And I’ll repeat the scariest corollary to that. If energy planners worldwide are using the same methodology as the DOE and UN to create their statistics, there is no chance of getting the right mix of energy efficient or renewable sources in place in time to meet demand. Which means more coal.

  11. Tom Fuller Says:

    Hiya Bart,

    I think I suffered a Sunday morning math attack above and overinflated China’s total energy consumption for 2050. Just a bit, though… I think we should anticipate 196.8 quads from China, as opposed to 1,968…

    But that’s if they develop like Spain. If they use energy like America, it’s about 400 quads…

    But nowhere near like 2,000–sorry about that, folks.

  12. Tom Fuller Says:

    Arrgh. Somebody help me. 164 billion btu’s per person per year times 1.2 billion people equals how many quadrillion btu’s? Gotta get a calculator I can read…

  13. Marco Says:

    Tom, easy simplification: 200*10^9 * 1*10^9 = 2*10^20
    (1.64*1.2 is pretty close to 2).

    Which tells me you made a mistake somewhere, as that would be 200,000 quadrillion…

    I think the per capita energy use of Spain is closer to 164 million btu’s (which would also be closer to my source that notes 6.5 quadrillion btu for Spain, with a population of 40 million makes less than a billion btu per capita).

  14. sod Says:

    I need to use 2007 statistics as that’s the only complete dataset I have. It comes from the U.S. DOE’s Energy Information Administration. It shows the U.S. as consuming 337 billion btus’s per person in 2007. (It has since dropped to about 323 bbtu’s.)

    jepp. all the calculations that fuller claims to have made, are complete garbage. americans don t use billions, but only millions of btu per year.

    9 billion people * 300 million btu (US per capita use) gives 2700 quadrillion btu (15 additional zeros)

    Tom Fuller transported the growth of population from 2050 to 2035 and then multiplied it with something very close to the US use per capita, to get his plain out stupid estimate.

  15. Tom Fuller Says:

    Sod, go away unless you’re willing to read the whole thing. Americans do use 323 million, not billion btu’s per person per year. And Spain’s is 164 million btu’s not billion. Thank you both for the correction.

    I haven’t been at my home computer today so I don’t have my normal tools at hand, and my nephew’s handheld calculator doesn’t show the right number of zeros.

    Sod’s number for quads is in fact close to the straightline projection I have made elsewhere for 9.1 billion people using American levels of energy consumption (323 million btu’s per person). I came up with 3,000 quads by 2075. When I get back home I’ll redo the numbers.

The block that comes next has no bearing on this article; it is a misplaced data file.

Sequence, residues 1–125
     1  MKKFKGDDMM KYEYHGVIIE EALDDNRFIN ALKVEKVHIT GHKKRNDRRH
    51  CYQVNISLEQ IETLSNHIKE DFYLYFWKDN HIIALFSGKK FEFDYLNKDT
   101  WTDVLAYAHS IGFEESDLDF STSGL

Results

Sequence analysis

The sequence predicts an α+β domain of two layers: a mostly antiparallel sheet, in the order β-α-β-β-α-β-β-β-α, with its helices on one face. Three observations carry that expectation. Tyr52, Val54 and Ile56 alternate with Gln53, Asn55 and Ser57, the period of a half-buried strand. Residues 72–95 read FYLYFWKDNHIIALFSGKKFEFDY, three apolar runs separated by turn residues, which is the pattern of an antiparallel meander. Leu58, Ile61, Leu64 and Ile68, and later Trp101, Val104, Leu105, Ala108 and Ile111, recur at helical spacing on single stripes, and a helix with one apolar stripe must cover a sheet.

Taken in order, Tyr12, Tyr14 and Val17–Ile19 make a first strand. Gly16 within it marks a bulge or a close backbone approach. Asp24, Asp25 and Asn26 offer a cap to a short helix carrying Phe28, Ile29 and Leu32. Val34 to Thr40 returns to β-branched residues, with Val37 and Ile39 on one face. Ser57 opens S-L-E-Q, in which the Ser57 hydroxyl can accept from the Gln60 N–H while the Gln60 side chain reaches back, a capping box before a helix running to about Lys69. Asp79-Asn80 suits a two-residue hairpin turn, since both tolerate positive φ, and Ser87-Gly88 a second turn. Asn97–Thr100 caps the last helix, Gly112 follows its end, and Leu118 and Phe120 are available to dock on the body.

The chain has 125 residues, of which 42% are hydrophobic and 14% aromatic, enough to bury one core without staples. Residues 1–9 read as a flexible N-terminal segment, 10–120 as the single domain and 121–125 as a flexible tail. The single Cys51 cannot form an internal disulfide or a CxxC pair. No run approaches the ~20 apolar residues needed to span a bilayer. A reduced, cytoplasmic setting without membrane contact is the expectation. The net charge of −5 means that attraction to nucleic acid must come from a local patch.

At any rate, 1.2 billion Chinese using energy at Spain’s level of consumption (in 2007) gets us to about 200 quads, or twice the total of what Americans used this year (100 quads).

    Sorry I inflicted my Sunday morning confusion on you all.

  16. Scott Mandia Says:

    I suggest reading Friedman’s Hot, Flat, and Crowded if you wish to learn more about this topic.

  17. Tom Fuller Says:

    I’d rather have his house.

  18. sod Says:

    I haven’t been at my home computer today so I don’t have my normal tools at hand, and my nephew’s handheld calculator doesn’t show the right number of zeros.

    a pathetic excuse, if i ever read one. the google calculator does it just fine.

    again, watch the Hans Rosling calculation. to get the numbers calculated by Fuller, the 4 billion poorest “boxes” have to move into the plane category by 2035, 15 years before the projection by Rosling moves them into the bike/car region.

  19. Länkar 2010-08-30 Says:

    […] Apropå diskussionen om överbefolkning och familjepolitik som jag kommenterade i lördags (http://emretsson.net/2010/08/28/inte-barnafodande-men-barn/) tar Klotet ett rejält grepp på frågan. Intressant. Kolla också in Barts diskussion om kopplingen till bnp och utvecklingsnivå (https://ourchangingclimate.wordpress.com/2010/08/28/where-are-we-going/) […]

  20. dhogaza Says:

    the google calculator does it just fine.

    So does pencil and paper, and Fuller’s old enough to remember what they look like, and how they’re used.

  21. Scott Mandia Says:


    That was a good one. You made me chuckle. :)

    Having said that, “The pen is mightier than the house.”

    (Do I need to elaborate?)

  22. Tom Fuller Says:

    Glad I could make someone smile. Especially since you and I have gotten off on the wrong foot on several occasions.

    I’m actually going to contact DOE and ask for an interview regarding this. Does anyone have other questions they would like to have posed to them?

    My current questions are regarding how they build their model for future projections of energy demand and consumption and their level of confidence in those models.

  23. Hans Says:

    Hi Bart,

    Ken Caldeira’s presentation (dated 2007) has been overtaken by reality. The presentation dates from the pre-peakoil-era and can be considered obsolete.
    A lot has changed since July 2008 and GDP has concracted instead of grown. Limits to growth are real, Ken Caldeira’s extrapolations are erroneous.

    Better catch up with reality, before reality catches up with you.

  24. Eli Rabett Says:

    Spain’s energy use per person is about half of the US (not getting into the million billion business, but billion, depending on where you are is either 10^12 or 10^9 which may account for some of this)